In November, de Haro scrapped his late night weekend menu — the place was empty by 10:30 p.m. And all the corporate holiday parties he booked that December were canceled.

Seeing his urban eatery with a 1930s vibe sit ghostly quiet most Monday and Tuesday nights “was eerie,’’ de Haro said. On some evenings “there were eight people dining out,’’ he said. “That feeds into itself. No one wants to come to a place that isn’t busy.’’

To stay afloat, the Madrid native overhauled the restaurant to cut costs. He took over the kitchen when his chef left and retooled an “esoteric’’ menu that featured pig ears and baby octopus with blood sausage to offer classic Spanish fare such as seafood paella that would appeal to a wider customer base. At the same time, he lowered prices by 10 to 15 percent for food and 20 percent for wine, while adding pre-Prohibition cocktails — like gimlets made with green tea — in an attempt to spur spending.

The moves worked, and de Haro staved off disaster. Today, the restaurant has become a neighborhood mainstay.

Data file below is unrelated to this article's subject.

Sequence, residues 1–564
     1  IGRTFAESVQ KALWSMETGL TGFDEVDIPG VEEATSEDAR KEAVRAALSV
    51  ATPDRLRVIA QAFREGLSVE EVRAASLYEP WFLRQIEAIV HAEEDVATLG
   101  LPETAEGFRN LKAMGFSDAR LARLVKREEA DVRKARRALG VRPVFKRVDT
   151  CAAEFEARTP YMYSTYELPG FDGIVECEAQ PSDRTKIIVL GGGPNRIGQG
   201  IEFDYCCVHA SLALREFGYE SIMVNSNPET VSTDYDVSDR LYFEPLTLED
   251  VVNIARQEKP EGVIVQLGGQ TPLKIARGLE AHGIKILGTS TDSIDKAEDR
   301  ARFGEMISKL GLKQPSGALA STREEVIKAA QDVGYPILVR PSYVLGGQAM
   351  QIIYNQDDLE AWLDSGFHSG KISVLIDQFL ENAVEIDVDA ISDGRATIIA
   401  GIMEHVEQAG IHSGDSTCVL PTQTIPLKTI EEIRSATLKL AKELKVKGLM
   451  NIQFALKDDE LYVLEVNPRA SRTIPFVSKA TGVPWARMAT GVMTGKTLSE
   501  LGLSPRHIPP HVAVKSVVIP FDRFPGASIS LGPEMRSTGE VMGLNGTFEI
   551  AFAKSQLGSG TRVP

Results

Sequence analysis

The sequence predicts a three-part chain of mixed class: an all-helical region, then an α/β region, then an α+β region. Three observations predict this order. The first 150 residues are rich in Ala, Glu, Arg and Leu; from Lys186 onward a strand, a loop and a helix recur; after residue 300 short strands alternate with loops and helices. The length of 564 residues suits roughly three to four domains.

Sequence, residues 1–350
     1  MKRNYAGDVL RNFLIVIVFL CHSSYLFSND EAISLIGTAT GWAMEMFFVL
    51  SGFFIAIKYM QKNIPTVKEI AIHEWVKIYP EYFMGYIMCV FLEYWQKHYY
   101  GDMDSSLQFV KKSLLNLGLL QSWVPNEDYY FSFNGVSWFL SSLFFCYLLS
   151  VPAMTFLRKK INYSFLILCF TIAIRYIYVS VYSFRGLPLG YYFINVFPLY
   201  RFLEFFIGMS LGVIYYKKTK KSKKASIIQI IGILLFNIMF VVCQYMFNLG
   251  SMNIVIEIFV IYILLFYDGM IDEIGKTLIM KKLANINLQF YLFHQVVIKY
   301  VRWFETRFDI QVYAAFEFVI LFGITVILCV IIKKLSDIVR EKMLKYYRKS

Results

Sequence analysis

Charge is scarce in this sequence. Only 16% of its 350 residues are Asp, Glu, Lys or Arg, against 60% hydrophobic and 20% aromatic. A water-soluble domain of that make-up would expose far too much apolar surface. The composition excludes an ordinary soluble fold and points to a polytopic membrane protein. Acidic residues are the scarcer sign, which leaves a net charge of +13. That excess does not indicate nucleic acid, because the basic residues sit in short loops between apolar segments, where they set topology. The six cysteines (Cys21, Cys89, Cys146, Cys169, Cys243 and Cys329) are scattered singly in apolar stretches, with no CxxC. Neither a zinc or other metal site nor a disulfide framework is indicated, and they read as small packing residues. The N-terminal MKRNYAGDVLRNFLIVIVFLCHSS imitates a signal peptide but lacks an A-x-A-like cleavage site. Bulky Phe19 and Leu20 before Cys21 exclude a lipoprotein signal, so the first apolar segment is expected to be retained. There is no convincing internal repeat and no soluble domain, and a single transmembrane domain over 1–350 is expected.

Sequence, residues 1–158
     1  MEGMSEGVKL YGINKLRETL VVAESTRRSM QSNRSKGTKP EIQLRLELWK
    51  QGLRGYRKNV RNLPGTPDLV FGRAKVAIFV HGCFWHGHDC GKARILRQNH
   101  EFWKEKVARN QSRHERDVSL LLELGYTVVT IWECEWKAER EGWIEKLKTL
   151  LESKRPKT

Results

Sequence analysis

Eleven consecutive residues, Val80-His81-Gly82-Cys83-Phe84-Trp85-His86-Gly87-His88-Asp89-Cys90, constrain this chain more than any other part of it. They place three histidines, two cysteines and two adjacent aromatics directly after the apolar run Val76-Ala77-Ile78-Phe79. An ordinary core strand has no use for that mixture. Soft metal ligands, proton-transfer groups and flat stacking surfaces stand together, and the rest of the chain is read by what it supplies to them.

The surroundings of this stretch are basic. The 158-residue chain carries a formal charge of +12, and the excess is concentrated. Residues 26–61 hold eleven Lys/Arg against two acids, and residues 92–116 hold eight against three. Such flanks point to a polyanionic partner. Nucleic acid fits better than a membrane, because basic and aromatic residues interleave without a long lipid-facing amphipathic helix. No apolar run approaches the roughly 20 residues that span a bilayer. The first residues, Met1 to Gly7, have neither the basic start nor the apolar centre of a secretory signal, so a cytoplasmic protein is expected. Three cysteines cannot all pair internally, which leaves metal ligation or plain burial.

“There’s been an upward trend in business, and we’ve been able to forecast gains,’’ said de Haro. “It’s a relief.’’

The restaurant’s annual net income went from a loss of $200,000 in the first year to a projected $50,000 profit for 2011.

Although he sometimes feels overwhelmed by bills, each month is better than the last, de Haro said. “It’s rewarding to see the results of your hard work and to have customers recognize that. The economy is doing good and people are starting to enjoy themselves again.’’

Paquette at Pretty Things is also looking ahead with optimism. As the company’s beer portfolio has grown to 13 different styles, it’s hired a full-time employee in Massachusetts and a part-timer in New York. The ale, brewed in Westport, is served in white tablecloth restaurants such as Craigie on Main in Cambridge and also flows in pubs from Providence to Philadelphia. The company also intends to open a small brewery and tasting room in Somerville.

Paquette believes consumers have become less hesitant about spending money on something that makes them happy. He cites as evidence the popularity of his flagship Jack D’Or beer, which costs $5.99 for a 22-oz. bottle.

“At the end of the day, what we are selling is fun,’’ he said.